(d) “competent authority” means any authority authorised by the Central Government by notification in the Official Gazette to perform all or any of the functions of the competent authority under this Act;
(e) “contractor” means a person who* furnishes or undertakes to furnish cine-workers for being employed in or in connection with the production of a feature film, and includes a sub-contractor or agent;
(f) “feature film” means a ml! length cinematograph film produced wholly or partly in India with a format and a story woven around a number of characters where the plot is revealed mainly through dialogues and not wholly through narration, animation or cartoon depiction, and does not include an advertisement film;
(g) “prescribed” means prescribed by rules made under this Act;
(h) “producer”, in relation to a feature film, means the person by whom the arrangements necessary for the making of such film (including the raising of finances and engaging cine-workers for the making of such film) are undertaken;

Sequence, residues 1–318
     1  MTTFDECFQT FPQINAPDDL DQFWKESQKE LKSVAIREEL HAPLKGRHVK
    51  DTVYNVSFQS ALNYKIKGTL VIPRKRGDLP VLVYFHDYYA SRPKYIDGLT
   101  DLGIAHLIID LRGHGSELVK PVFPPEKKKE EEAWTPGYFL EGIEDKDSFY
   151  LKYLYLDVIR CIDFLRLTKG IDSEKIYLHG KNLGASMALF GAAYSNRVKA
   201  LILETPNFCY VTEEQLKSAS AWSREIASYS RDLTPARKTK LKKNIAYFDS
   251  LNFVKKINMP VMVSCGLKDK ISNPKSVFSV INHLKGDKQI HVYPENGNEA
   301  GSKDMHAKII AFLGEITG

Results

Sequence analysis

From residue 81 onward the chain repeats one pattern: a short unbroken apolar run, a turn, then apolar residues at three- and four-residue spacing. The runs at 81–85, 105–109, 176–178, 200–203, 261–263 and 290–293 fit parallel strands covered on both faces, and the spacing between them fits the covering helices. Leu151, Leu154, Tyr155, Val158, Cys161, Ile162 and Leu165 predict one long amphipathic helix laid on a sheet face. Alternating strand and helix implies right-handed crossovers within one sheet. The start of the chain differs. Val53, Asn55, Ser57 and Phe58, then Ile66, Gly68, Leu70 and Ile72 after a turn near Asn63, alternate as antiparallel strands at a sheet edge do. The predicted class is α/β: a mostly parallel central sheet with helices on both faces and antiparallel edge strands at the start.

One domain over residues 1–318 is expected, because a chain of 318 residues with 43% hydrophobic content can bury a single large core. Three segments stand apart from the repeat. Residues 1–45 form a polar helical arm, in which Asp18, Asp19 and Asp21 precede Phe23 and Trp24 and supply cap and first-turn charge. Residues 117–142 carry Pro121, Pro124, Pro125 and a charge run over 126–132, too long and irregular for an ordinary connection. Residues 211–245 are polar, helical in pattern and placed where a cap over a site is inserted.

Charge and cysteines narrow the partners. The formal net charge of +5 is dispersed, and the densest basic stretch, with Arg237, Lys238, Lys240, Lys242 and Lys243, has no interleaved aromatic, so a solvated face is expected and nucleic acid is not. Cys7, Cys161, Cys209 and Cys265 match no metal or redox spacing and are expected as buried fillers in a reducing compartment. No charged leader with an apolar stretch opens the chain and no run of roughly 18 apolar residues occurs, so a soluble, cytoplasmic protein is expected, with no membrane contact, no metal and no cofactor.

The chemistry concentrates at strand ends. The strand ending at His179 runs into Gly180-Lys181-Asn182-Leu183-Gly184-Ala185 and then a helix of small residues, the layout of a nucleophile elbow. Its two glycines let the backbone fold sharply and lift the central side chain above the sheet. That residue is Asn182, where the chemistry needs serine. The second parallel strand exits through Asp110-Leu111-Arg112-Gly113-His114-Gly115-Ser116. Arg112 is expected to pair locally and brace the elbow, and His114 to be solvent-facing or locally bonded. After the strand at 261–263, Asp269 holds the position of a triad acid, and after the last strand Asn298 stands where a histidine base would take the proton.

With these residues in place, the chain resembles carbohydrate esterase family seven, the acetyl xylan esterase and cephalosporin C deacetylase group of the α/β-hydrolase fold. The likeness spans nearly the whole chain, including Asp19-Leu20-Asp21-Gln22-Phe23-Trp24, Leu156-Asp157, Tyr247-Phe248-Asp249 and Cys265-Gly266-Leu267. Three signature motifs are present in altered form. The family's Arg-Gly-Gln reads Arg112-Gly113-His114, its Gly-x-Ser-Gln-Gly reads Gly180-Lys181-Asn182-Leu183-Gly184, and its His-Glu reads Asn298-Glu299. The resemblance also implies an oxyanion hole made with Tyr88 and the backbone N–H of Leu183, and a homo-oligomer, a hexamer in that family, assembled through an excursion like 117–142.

(i) “production”, in relation to a feature film, includes any of the activities in respect of the making thereof;
(ii) Tribunal means a Cine-workers Tribunal constituted under Section 7;
(k) wages means all emoluments which are payable to a worker in accordance with the terms of the contract of employment in cash, but does not include—
(i) the cash value of any food concession;
(ii) any dearness allowance (that is to say, all cash payments, by whatever name called, paid to a worker on account of a rise in the cost of living or on account of his being required to work in a place other than the place where he is normally residing), house rent allowance, overtime allowance, bonus, commission or any other similar allowance payable to the worker, in respect of his employment or of work done in such employment;
(iii) any contribution paid or payable by the employer to any pension fund or provident fund or for the benefit of the worker under any law for the time being in force;
(iv) any gratuity payable on the termination of his contract.
CHAPTER II – REGULATION OF EMPLOYMENT OF CINE-WORKERS
3. Prohibition of employment of cine-worker without agreement.
(1) No person shall be employed as a cine-worker in or in connection with the production of any feature film unless,—
(a) an agreement in writing is entered into with such person by the producer of such film; or, where such person is employed through a contractor or other person, by the producer of such film and such contractor or other person; and